The global bull market in stocks will last for at least a few more years, led by gains in emerging markets, says Ken Fisher, the billionaire CEO of Fisher Investments.
He stresses that the United States isn’t leading the rally. “America is 23 percent of global GDP,” Fisher says.
“The market is being led by the 25 percent of global GDP that is collectively the emerging market countries. That world will continue to lead,” he recently told Bloomberg.
Investors are very pessimistic about stocks, which ironically is a bullish sign, Fisher says.
“It’s a bull market that’s climbing a classic wall of worry. ... I believe this bull market will carry on for at least several years.”
While some experts say corporations’ unwillingness to spend their cash hoards represents a negative sign, Fisher disagrees.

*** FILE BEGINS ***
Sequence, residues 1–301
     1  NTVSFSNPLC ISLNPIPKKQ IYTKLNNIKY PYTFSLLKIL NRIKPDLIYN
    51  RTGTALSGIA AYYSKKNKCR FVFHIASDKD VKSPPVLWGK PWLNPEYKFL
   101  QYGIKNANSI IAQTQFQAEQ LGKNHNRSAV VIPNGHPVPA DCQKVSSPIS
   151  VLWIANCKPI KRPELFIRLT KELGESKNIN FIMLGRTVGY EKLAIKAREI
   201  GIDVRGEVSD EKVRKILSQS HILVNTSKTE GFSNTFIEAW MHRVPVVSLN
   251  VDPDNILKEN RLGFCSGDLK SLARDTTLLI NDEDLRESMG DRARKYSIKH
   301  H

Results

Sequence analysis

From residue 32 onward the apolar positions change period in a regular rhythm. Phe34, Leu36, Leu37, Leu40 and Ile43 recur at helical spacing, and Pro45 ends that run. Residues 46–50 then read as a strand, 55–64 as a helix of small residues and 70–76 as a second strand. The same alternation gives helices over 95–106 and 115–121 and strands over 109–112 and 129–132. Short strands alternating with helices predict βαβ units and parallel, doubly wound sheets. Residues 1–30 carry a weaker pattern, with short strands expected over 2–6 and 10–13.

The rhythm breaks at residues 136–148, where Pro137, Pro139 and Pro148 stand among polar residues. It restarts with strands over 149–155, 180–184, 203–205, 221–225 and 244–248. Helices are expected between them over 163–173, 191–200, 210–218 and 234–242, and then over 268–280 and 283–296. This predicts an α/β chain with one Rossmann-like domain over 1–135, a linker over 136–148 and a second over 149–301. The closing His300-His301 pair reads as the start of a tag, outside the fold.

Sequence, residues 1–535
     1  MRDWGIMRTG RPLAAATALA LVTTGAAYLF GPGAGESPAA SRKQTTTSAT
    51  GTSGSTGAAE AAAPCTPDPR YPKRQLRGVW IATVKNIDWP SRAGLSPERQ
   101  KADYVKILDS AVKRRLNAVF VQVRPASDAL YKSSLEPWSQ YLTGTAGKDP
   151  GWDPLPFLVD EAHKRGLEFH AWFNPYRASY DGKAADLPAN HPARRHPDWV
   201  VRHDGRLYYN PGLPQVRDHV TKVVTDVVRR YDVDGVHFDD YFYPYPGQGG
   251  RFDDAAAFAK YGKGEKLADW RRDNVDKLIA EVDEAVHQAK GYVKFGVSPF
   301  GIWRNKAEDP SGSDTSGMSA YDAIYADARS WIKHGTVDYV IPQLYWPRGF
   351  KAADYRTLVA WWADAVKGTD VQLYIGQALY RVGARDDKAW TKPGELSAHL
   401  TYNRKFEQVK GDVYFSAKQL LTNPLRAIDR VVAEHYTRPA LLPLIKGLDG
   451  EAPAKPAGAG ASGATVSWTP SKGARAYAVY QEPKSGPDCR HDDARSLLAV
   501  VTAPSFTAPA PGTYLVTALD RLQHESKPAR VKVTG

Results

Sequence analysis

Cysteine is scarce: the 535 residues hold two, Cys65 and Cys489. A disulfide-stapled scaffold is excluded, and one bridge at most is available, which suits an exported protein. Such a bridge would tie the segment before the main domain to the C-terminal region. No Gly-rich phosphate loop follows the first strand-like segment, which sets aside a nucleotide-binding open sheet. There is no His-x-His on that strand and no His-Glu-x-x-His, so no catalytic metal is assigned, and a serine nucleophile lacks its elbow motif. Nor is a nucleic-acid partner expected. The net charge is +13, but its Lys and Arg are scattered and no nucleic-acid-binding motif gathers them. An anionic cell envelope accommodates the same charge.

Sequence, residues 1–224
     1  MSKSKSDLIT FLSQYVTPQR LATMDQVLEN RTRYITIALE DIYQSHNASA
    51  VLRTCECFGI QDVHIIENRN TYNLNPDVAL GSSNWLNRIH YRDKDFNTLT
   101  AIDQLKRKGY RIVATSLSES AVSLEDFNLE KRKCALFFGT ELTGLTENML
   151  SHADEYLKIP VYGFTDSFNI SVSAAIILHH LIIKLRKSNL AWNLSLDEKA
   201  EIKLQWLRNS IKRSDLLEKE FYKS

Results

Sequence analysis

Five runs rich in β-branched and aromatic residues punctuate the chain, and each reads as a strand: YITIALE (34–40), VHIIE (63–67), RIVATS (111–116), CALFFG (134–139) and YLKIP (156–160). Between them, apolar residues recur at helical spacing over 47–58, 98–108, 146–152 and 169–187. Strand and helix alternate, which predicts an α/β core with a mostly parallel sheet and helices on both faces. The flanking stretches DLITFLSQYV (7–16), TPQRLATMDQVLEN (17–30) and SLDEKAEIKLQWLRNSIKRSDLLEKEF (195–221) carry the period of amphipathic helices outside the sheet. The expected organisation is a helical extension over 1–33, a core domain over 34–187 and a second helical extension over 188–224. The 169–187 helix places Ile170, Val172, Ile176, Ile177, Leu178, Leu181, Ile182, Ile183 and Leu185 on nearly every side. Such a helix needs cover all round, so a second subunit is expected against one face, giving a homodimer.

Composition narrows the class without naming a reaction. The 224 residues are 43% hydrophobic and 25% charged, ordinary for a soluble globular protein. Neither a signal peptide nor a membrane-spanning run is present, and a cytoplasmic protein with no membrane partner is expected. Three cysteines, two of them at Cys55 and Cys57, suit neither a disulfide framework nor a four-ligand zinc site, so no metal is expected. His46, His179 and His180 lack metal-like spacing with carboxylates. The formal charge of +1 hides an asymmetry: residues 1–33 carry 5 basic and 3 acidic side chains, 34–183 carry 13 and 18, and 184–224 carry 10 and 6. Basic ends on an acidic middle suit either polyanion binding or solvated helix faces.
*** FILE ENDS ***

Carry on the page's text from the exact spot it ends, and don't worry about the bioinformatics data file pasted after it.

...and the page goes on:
“That’s a normal cyclical reaction,” he said. “Coming off the bottom of a big bear market, corporations are scared like everyone else and holding on to cash.”
Eventually that cash will turn into a positive factor as corporations spend it on investment or share buybacks, Fisher says.
He recommends that investors focus on the materials, industrial, consumer discretionary, technology and, to a lesser extent, energy sectors.
Investment guru Laszlo Birinyi also is bullish on stocks, at least when it comes to the U.S.
He sees the Standard & Poor’s 500 Index rising another 13 percent this year, to about 1,325.
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